Carolyn Dean, MD, ND
Hungry, Jenny ate four teaspoons of peanut butter straight from the jar. Within minutes she became hyperactive. Sound familiar? In these four teaspoons of grocery store-bought peanut butter, Jenny just ate one whole teaspoon of sugar..
Hungry, Jenny ate four teaspoons of peanut butter straight from the jar. Within minutes she became hyperactive. Sound familiar? In these four teaspoons of grocery store-bought peanut butter, Jenny just ate one whole teaspoon of sugar.
A sugar-induced epidemic may have already begun: More than two million Canadians now have diabetes, a leading cause of death by disease in this country. By 2010, that number is estimated to rise to three million (Canadian Diabetes Association). Risk factors for type II diabetes obesity and impaired glucose tolerance suggest a link to excess sugar consumption.
What is Sugar?
Sugar is a carbohydrate, which is one of the three macronutrients we need to live (the other two are protein and fat). Not limited to just white table sugar, there are actually six types: fructose, galactose, glucose, lactose, maltose and sucrose.
If the only sugar we consumed were in nutrient-dense whole foods, such as fruit and vegetables, we'd all be fine. However, eating too many refined or concentrated sugars such as brown sugar, corn syrup, processed honey and white table sugar, all of which lack any nutrients, can cause health problems.
Why Else is Sugar Bad for Me?
Eating too much sugar can compromise your immune system. According to Kenneth Bock, MD, an expert in nutritional and environmental health in New York, two cans of soda pop (which together typically contain 18 to 22 teaspoons of sugar) reduce the efficiency of white blood cells (an integral part of your immune system) by 92 percent an effect that lasts up to five hours.
Your body quickly absorbs refined sugar into your bloodstream, which causes your pancreas to rapidly release the hormone insulin to normalize blood sugar levels. In turn, this can cause blood sugar to suddenly drop. To compensate, your adrenal glands release high levels of another hormone, cortisol, which puts your body in high-stress mode. This constant stress from high sugar intake leads to early menopause, adult-onset diabetes (type II), hypoglycemia and chronic fatigue.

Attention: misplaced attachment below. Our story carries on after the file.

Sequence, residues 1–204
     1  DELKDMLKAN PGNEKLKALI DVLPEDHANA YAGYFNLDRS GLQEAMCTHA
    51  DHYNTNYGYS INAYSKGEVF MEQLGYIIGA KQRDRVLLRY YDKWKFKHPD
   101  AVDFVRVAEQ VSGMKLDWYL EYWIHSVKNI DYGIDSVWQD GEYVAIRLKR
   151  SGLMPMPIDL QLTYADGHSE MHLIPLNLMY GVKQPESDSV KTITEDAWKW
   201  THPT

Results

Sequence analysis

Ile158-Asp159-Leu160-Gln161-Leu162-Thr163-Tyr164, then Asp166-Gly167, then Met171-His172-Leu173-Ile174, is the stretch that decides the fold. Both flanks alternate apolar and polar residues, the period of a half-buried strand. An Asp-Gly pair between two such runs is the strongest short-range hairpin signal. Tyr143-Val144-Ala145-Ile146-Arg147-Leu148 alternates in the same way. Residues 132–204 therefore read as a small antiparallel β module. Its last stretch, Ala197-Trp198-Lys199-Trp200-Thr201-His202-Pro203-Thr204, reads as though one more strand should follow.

And consider this: your body draws from its nutrient reserves to metabolize sugar. Depleted nutrient reserves leave your body unable to metabolize fatty acids and cholesterol, which could put you at risk for a range of diseases from cardiovascular disease to adult-onset diabetes.
Worse, children are the biggest consumers of sugary foods, and they are eating them at a time when their brains and bodies are growing rapidly and they need a nutrient-dense diet for proper physical and mental development.
Should I Still be Concerned About my Sugar Consumption?
Most naturally sweet whole foods don't really contain much sugar. A cup of strawberries, for example, contains about one-sixth the sugar of a can of cola.
But unless you eat a diet made entirely of whole, unprocessed foods, you're probably eating too much sugar. Sugar in its many forms is added to virtually every packaged food product and not just the sweet stuff. If you eat one serving of fruit-flavoured yogurt, even some natural varieties, you've probably used up your day's sugar allowance.